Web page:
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31/03/2011
Building HS2 would mean worse journeys for Northants commuters


Northampton Chronicle article online today:

Many train passengers will face slower and less-frequent services if the Government's HS2 high-speed rail scheme goes ahead, including some in the East Midlands, a report has claimed.

Creating the HS2 will mean Euston station in London "becoming a building site for seven years", it said.

The study from the TaxPayers' Alliance added that until the second north-of-Birmingham phase of HS2 is built, there could, from 2026, actually be a 6.6% reduction in the number of seats available on the London to Scotland West Coast main line compared with 2012.

The TaxPayers' Alliance also said that by 2033 there could be a 15% seat reduction on East Coast main line services from London to York, Darlington and Newcastle.

The report listed the towns and cities which, according to the TaxPayers' Alliance, will have "worse rail services as a result of HS2". These include Coventry, Stoke-on-Trent, Manchester, Leicester, Nottingham, Derby and Sheffield.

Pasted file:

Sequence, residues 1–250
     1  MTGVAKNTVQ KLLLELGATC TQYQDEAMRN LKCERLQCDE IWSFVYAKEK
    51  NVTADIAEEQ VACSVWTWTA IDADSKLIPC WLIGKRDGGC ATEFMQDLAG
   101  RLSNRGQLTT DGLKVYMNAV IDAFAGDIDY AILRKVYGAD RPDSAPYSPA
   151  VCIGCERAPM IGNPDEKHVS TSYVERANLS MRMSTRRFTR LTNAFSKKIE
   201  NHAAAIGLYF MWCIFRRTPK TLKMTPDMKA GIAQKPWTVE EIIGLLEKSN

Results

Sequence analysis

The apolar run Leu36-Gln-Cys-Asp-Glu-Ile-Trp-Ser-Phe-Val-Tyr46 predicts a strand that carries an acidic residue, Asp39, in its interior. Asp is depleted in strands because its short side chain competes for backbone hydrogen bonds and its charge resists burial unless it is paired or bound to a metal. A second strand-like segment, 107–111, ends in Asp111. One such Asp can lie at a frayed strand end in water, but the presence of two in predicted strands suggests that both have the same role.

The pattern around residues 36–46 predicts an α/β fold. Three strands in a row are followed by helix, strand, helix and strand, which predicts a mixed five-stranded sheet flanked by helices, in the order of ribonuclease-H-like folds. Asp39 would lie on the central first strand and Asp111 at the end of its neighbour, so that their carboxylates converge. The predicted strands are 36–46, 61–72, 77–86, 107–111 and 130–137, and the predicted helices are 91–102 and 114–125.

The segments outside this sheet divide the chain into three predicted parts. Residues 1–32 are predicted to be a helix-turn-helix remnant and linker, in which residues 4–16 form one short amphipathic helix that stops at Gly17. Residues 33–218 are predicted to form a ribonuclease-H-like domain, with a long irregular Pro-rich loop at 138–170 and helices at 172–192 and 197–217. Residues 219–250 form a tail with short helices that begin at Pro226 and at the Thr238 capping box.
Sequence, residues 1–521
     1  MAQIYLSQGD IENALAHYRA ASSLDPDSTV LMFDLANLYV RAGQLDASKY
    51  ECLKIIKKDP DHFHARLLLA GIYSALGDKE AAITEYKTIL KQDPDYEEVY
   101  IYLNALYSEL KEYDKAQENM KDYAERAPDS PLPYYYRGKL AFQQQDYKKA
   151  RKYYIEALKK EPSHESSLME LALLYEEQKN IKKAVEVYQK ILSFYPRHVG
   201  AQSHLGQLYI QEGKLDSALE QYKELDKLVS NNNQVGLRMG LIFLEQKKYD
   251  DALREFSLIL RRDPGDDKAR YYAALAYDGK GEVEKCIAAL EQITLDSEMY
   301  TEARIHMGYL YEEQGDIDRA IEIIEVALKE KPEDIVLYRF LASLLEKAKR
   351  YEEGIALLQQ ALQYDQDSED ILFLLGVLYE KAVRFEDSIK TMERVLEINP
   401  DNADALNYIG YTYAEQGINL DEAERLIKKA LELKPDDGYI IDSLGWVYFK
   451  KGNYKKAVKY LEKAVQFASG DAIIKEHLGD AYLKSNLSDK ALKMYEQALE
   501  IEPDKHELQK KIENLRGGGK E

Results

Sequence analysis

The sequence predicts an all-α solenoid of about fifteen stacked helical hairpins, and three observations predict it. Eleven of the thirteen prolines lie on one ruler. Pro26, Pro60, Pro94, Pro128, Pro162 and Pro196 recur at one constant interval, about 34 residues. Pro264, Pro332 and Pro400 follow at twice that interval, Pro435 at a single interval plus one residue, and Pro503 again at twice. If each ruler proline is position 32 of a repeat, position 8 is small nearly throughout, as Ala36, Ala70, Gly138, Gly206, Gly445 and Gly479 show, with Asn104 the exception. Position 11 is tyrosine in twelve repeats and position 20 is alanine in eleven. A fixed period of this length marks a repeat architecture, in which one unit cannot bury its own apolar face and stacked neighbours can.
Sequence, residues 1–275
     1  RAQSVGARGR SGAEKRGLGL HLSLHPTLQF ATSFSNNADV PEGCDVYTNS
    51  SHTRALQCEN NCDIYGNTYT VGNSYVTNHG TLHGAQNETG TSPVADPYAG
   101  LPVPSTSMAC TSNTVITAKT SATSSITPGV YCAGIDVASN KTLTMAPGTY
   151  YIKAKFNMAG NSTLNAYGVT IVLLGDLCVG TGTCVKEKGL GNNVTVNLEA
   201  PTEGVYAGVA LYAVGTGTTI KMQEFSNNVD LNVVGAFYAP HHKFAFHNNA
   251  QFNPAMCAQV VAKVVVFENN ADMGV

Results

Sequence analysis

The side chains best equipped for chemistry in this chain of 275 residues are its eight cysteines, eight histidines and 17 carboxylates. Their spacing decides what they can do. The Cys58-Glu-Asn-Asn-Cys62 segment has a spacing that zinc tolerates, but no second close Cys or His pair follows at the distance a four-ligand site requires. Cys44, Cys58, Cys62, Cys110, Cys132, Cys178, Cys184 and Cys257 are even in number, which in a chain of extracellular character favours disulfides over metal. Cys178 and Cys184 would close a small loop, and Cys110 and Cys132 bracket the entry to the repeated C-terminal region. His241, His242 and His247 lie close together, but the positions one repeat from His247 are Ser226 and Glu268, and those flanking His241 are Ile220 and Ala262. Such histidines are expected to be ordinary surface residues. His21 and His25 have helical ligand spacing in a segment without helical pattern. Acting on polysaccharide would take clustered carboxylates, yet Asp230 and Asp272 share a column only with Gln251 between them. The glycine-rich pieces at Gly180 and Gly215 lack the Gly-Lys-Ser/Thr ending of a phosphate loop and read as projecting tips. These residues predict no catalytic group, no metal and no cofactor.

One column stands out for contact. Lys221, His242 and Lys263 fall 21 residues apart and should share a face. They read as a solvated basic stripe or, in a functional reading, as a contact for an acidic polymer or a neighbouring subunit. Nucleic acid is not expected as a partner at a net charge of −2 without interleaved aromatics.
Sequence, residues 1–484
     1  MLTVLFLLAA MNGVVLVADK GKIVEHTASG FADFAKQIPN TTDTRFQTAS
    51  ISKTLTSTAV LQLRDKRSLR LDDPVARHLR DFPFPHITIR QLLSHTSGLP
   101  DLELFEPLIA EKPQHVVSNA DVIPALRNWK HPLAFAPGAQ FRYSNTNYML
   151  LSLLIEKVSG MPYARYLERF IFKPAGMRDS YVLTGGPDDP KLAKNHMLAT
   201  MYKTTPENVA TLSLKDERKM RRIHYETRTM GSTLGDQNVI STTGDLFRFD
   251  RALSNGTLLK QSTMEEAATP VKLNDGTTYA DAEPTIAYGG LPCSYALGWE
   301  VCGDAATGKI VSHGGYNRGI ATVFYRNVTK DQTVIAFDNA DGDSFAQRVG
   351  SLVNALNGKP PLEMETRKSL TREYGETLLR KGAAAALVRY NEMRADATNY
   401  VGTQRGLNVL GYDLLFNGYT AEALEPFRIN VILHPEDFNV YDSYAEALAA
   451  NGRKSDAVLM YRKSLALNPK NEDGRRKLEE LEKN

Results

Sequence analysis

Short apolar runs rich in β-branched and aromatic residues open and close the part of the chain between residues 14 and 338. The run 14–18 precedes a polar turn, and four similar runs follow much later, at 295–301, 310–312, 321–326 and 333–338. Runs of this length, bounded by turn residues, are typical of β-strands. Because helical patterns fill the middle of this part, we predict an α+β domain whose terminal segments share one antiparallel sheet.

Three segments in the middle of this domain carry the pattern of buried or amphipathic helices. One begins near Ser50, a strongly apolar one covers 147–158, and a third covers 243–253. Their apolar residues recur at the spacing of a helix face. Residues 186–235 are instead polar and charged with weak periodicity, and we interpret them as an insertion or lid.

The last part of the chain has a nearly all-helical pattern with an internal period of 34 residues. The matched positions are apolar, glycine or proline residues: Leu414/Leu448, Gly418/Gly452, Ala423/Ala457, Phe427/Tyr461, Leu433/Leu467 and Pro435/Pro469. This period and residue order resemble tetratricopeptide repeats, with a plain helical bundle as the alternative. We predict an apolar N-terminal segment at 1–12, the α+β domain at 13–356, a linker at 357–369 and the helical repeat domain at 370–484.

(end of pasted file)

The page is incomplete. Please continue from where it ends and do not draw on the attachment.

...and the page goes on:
These destinations would be "negatively hit by worse journey times, fewer seats and/or fewer trains per day", said the TaxPayers' Alliance.

It said: "The project is expected to cost over £30 billion (more than £1,000 per family) and has been justified on the basis that it will mean more seats on more trains, yet many towns along and around the route will, in fact, lose out".

TaxPayers' Alliance director Matthew Sinclair said: "High-speed rail isn't the right way of getting the capacity we need. The project is set to cost taxpayers a fortune and it is increasingly clear it will be a huge white elephant.

"While politicians are holding out the promise of a faster journey for a fortunate few, huge numbers of people will face slower and less-frequent services with more overcrowding. Everyone will still have to pay the hefty bill."

Transport Secretary Philip Hammond described the Taxpayers' Alliance (TPA) report as "spurious" adding that it was not right to say that HS2 would mean other projects would not go ahead. He went on: "We are investing £2 billion a year in (the cross-London) Crossrail (scheme) and when that is finished we will spend £2 billion a year on HS2. It's perfectly possible to invest in major strategic rail projects and still invest in other rail projects."

Copyright (c) Press Association Ltd. 2011, All Rights Reserved.

 

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